UnNews:In power plant explosion, accurate figures elude reporters

From Uncyclopedia, the content-free encyclopedia

Jump to: navigation, search
In power plant explosion, accurate figures elude reporters

We distort, you deride

UnNews Logo Potato
Sunday, February 25, 2018, 23:32:59 (UTC)

F iconNewsroomAudio (staff)Foolitzer Prize

Feed-iconIndexesRandom story

8 February 2010


The explosion at the Middletown power plant, or somewhere else.

MIDDLETOWN, Conn. -- About five people remain unaccounted for after a deadly explosion at a power plant, a fire official said Monday.

Sunday morning's blast in Middletown, about 20 miles south of Hartford, killed at least five people and injured a dozen or more others.

Deputy Fire Marshal Al Santostefano said officials have located approximately 95 percent of the more-or-less 100 workers who were at the plant. It was unclear whether the other workers are missing or merely missed, given that no one on the Fire Department knows how many of them they are looking for.

Rescue crews combed through the debris until about 2:30 a.m. Monday at the site, which is near Wesleyan University on a 137-acre parcel, give or take a few acres. They were to return to the scene Monday to practice counting things and giving precise answers. Piles of rubble were approximately 10 feet tall. Pretty near.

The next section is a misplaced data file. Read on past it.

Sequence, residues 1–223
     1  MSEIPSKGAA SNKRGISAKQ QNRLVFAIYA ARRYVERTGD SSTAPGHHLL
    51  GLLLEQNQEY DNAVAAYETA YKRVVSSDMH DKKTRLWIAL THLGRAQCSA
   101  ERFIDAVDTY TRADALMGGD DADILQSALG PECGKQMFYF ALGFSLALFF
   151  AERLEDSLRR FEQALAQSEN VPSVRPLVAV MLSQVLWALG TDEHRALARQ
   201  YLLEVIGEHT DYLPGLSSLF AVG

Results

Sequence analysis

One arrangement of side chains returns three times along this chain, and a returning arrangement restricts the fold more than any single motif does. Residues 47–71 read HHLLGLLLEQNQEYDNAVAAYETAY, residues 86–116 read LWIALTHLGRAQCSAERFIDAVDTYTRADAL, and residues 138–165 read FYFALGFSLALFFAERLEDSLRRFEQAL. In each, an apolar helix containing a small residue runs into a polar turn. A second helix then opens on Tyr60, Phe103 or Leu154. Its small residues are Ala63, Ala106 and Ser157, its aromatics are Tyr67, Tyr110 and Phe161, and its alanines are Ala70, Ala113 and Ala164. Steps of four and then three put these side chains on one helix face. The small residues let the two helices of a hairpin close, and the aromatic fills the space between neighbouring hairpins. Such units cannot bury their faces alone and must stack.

On Monday, Governor M. Jodi Rell told WTNH-TV, "We're still confirming the number of people." She added, "Given that none of our public servants can report exact numbers, you can see why we're blameless for the state's budget deficit."

Lynn Hawley, of Hartland, Connecticut, said her son, Brian Hawley, is a pipefitter at the plant and broke his leg. Brian is about 36 years old. "He's a great kid," the elder Hawley said. "Well, usually," she added.

Kleen Energy Systems LLC began construction on the plant in February 2008, give or take six weeks. It had signed a deal with Connecticut Light and Power for approximately 620 megawatts of electricity, starting sometime in the middle of 2010, or some year with a zero in it. Terms of the deal were not immediately clear. The plant would be one of the biggest built in New England in the last few years. Maybe longer.

Contributing to this report were Associated Press writers Eric Tucker in Middletown; Stephanie Reitz in Glastonbury, Conn.; Mark Williams in Columbus, Ohio; Mike Baker in Raleigh, N.C.; and Anne D'Innocenzio in New York. Six reporters, no body counts. Great Caesar's ghost! were they all up late watching the Super Bowl last night?

edit Sources

Personal tools